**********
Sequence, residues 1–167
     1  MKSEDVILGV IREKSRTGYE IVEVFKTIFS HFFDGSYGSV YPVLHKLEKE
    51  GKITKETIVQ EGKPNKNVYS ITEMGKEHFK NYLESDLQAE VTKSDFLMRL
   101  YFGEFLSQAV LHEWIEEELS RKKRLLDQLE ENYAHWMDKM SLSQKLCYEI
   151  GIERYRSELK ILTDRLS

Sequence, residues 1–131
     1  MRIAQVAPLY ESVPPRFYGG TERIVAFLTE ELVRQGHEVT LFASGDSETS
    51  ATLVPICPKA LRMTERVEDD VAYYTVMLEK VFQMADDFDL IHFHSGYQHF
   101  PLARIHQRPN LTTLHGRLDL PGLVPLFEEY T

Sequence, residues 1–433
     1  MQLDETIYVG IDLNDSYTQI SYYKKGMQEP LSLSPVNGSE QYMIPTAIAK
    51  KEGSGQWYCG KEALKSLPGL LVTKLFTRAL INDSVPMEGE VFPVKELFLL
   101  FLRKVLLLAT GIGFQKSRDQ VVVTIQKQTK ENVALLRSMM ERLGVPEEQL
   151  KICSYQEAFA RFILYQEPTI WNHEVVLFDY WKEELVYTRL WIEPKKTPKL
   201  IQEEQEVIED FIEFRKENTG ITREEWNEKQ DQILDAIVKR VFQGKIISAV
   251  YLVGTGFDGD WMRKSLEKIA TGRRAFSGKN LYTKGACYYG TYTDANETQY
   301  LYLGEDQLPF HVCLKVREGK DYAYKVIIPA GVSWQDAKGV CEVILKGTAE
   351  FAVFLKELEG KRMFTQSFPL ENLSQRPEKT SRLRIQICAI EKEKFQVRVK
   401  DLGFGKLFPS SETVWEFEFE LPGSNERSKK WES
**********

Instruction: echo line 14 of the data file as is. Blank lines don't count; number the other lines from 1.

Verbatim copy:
   151  KICSYQEAFA RFILYQEPTI WNHEVVLFDY WKEELVYTRL WIEPKKTPKL